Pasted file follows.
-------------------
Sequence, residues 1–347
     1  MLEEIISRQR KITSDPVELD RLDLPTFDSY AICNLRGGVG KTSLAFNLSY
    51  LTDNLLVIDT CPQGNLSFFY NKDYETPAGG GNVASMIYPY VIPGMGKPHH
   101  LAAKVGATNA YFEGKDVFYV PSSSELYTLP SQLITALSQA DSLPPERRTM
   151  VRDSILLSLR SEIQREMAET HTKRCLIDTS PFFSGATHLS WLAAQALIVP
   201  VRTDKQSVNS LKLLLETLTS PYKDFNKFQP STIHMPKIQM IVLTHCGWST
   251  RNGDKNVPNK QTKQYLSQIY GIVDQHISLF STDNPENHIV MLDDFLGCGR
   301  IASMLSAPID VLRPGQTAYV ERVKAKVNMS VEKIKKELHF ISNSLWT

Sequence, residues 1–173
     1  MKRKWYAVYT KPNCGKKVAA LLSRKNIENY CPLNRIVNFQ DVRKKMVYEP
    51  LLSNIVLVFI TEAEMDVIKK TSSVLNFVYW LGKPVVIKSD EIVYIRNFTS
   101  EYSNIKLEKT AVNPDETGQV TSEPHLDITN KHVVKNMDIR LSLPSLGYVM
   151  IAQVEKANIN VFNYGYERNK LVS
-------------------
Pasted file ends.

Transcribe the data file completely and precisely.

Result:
Sequence, residues 1–347
     1  MLEEIISRQR KITSDPVELD RLDLPTFDSY AICNLRGGVG KTSLAFNLSY
    51  LTDNLLVIDT CPQGNLSFFY NKDYETPAGG GNVASMIYPY VIPGMGKPHH
   101  LAAKVGATNA YFEGKDVFYV PSSSELYTLP SQLITALSQA DSLPPERRTM
   151  VRDSILLSLR SEIQREMAET HTKRCLIDTS PFFSGATHLS WLAAQALIVP
   201  VRTDKQSVNS LKLLLETLTS PYKDFNKFQP STIHMPKIQM IVLTHCGWST
   251  RNGDKNVPNK QTKQYLSQIY GIVDQHISLF STDNPENHIV MLDDFLGCGR
   301  IASMLSAPID VLRPGQTAYV ERVKAKVNMS VEKIKKELHF ISNSLWT

Sequence, residues 1–173
     1  MKRKWYAVYT KPNCGKKVAA LLSRKNIENY CPLNRIVNFQ DVRKKMVYEP
    51  LLSNIVLVFI TEAEMDVIKK TSSVLNFVYW LGKPVVIKSD EIVYIRNFTS
   101  EYSNIKLEKT AVNPDETGQV TSEPHLDITN KHVVKNMDIR LSLPSLGYVM
   151  IAQVEKANIN VFNYGYERNK LVS